In Jamie McAllan (Garrett Hedlund) we have the cheeky good looking younger brother of Henry. Carefree until he goes off to war. In Ronsel Jackson (Jason Mitchell), we have the favourite oldest son, who eagerly signs up to war, keen to represent his country and escape the segregated world he lives in.

What writer/director Dee Rees does so well with Mudbound is entwine two narratives of two families living side by side under the weight of racism and segregation. She’s not heavy handed with it introducing you to this world with a refined subtlety. What she captures are the similarity in problems both families experience, albeit in different ways. The dependency humans have on each other as neighbours superceding the laws of then (and today). Exposing why those laws of white ruling black so redundant, and frustrating. For example, watching Henry make so many mistakes which affect himself and family, in comparison to Hap who tries his hardest to accommodate his family’s happiness alongside his aspirations, yet when Henry says jump, Hap has no choice but to listen to a man whom he outshines in every aspect.  There’s also a scene when, Laura needs Florence’s help, then assumes that Florence would like nothing more than to work for her (evoking memories of that scene in Color Purple when Sofia is told to work for the mayor’s wife… and what happens when she utters the beautiful yet life sentencing words ‘helllll naw!’).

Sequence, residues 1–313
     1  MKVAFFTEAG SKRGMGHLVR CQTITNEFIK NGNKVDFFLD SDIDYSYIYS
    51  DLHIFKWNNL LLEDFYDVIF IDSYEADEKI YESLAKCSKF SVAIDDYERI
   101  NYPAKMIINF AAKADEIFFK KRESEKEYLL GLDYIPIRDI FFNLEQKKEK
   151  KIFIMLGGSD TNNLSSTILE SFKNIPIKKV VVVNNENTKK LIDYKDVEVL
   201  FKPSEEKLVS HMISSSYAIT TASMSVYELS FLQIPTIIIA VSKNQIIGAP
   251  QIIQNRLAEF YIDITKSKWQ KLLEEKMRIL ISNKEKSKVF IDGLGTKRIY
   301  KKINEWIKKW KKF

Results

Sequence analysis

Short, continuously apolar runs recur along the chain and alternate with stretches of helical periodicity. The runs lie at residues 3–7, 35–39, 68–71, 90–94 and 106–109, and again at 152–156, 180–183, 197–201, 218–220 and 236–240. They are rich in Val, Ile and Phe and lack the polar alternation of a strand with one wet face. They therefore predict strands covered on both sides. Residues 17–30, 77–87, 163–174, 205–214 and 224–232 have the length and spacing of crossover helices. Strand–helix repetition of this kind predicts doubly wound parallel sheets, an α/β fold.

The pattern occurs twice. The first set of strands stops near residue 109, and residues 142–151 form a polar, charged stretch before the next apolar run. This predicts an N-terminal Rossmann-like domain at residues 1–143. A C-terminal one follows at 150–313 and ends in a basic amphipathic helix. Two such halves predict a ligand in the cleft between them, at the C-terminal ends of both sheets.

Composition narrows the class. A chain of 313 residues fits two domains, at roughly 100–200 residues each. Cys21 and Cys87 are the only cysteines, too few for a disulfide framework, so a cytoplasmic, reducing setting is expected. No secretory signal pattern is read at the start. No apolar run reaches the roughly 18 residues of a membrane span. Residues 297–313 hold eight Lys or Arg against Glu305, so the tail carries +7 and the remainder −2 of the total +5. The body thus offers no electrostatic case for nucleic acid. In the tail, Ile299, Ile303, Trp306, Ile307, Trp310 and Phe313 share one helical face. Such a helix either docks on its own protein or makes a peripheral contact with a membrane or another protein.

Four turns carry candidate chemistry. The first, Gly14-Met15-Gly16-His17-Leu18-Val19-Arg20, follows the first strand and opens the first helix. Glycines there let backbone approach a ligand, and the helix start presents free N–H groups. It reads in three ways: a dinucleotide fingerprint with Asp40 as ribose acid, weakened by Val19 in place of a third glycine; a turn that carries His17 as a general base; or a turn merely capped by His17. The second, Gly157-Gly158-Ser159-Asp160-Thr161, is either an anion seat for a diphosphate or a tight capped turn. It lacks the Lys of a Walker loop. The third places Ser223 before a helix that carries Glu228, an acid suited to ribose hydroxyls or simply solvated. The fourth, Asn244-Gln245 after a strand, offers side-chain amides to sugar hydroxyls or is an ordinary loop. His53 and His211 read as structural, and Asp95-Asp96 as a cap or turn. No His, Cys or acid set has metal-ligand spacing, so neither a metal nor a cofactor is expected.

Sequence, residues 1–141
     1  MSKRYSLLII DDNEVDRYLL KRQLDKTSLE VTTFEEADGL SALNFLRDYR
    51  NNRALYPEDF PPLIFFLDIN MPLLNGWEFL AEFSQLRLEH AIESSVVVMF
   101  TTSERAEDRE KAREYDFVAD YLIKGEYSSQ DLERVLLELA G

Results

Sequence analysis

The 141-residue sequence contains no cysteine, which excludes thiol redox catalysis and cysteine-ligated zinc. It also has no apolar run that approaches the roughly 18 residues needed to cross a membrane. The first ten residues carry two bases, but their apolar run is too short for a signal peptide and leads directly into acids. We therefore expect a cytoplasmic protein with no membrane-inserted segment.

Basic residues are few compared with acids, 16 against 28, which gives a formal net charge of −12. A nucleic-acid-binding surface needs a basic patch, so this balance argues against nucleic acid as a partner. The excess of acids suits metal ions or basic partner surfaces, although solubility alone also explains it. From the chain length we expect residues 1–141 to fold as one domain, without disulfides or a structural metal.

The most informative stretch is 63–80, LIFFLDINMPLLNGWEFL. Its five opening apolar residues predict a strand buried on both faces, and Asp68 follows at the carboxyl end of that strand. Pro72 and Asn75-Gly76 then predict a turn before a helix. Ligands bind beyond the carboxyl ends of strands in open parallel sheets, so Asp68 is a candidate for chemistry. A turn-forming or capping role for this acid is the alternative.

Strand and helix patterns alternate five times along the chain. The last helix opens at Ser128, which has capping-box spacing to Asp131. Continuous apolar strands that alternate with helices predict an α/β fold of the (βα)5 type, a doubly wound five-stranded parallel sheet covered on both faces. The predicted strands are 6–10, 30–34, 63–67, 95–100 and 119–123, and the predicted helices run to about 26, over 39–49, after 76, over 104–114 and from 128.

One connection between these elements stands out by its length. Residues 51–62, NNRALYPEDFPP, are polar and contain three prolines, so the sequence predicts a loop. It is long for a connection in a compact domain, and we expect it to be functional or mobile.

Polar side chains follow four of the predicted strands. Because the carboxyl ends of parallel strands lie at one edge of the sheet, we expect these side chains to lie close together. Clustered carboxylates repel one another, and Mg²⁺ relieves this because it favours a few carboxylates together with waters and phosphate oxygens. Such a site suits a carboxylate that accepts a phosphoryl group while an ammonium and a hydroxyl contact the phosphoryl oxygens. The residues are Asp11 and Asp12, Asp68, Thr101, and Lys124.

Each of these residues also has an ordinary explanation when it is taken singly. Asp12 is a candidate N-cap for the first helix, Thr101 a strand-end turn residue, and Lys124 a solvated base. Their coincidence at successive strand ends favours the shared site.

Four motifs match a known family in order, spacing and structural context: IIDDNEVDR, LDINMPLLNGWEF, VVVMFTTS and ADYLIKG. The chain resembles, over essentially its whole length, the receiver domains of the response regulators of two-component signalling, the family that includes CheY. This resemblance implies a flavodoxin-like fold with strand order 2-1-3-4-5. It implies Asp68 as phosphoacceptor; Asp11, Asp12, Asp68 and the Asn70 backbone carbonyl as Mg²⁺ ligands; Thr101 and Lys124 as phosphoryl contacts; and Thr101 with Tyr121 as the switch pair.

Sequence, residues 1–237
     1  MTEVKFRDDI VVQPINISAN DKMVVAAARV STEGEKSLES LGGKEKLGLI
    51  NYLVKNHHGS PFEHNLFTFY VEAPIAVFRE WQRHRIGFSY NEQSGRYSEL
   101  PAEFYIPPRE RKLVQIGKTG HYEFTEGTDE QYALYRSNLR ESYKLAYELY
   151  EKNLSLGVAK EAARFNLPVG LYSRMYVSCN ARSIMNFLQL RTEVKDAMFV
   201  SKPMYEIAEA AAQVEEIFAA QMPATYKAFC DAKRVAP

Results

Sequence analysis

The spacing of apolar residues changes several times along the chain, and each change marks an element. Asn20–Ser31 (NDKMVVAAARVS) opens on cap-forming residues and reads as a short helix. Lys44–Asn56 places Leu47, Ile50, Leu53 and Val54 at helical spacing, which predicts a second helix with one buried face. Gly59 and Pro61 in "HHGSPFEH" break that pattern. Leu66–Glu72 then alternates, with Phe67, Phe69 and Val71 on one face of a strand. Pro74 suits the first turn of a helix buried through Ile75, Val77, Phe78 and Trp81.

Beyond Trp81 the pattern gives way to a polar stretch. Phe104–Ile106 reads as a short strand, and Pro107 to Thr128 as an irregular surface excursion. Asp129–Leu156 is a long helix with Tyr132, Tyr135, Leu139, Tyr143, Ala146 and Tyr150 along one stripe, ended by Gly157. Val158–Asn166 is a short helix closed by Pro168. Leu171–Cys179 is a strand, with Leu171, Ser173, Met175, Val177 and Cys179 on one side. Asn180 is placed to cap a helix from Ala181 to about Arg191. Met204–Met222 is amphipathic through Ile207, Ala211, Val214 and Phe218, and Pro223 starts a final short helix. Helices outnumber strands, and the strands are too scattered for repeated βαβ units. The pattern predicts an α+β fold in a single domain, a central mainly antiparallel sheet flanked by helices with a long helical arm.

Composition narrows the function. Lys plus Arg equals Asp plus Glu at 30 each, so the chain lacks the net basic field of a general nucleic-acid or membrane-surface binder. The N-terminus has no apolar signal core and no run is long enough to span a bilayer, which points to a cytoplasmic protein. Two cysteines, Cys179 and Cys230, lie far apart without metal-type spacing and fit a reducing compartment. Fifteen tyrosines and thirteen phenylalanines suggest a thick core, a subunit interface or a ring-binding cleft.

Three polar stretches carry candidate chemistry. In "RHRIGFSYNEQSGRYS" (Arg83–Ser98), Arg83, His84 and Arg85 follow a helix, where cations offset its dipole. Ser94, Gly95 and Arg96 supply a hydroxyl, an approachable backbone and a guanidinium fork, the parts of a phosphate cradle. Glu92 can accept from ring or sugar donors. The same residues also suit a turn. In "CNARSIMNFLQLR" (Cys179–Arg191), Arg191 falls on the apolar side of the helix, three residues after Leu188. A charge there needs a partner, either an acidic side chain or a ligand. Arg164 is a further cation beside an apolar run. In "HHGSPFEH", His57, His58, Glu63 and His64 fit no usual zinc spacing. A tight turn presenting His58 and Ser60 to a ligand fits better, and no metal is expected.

The cast are all brilliant in their roles. Ultimately it’s Mary J. Blige under the biggest scrutiny, and she doesn’t disappoint.

If I were to say anything bad about Mudbound, it would be due to my sensitivities as a black woman angry at the state of the world today, it’s the ever so slight, white saviour positioning of Jamie and Laura McAllan… but I’m absolutely open to the fact that I’m angry at racism. I’m angry at the default privilege of the white characters in the film. I’m affected by history books which have shown too many horror stories of what white segregated America was like for me to trust that there were nice guys like Jamie and Laura around. Also Pappy McAllan is so harshly racist, it’s almost, and it happens quite often especially in recent on-screen depictions of the slavery era that all the worst racism is reserved for the older generation who could be excused as ‘not knowing any better; it’s the times they grew up’ giving them an out.

But in her defence Rees brings it back with Henry’s attitude towards the Jacksons in various stages. No, he’s not outright calling them ‘Nigger’ but he acts as if they belong to him and that’s enough. There’s also a harrowing scene where we meet the Ku Klux Klan, that almost doesn’t fit in the whole film because it seems so extreme in this slow burner. Almost, making the KKK look almost like a joke. But again we quickly get pulled back to reality in the aftermath. The last critique is that it’s not always easy to follow the southern drawl of the actors when they are narrating their characters’ thoughts, enunciation isn’t always clear so I missed some of their motivations. Again, it is mostly forgivable because the narration is so complimentary to the style of the film and generally works well.

Mudbound premiered as part of the BFI London Film Festival and will come to Netflix November 17th 2017. It will also go on general cinema release in specific cinemas on the same date.



Latest articles

Related articles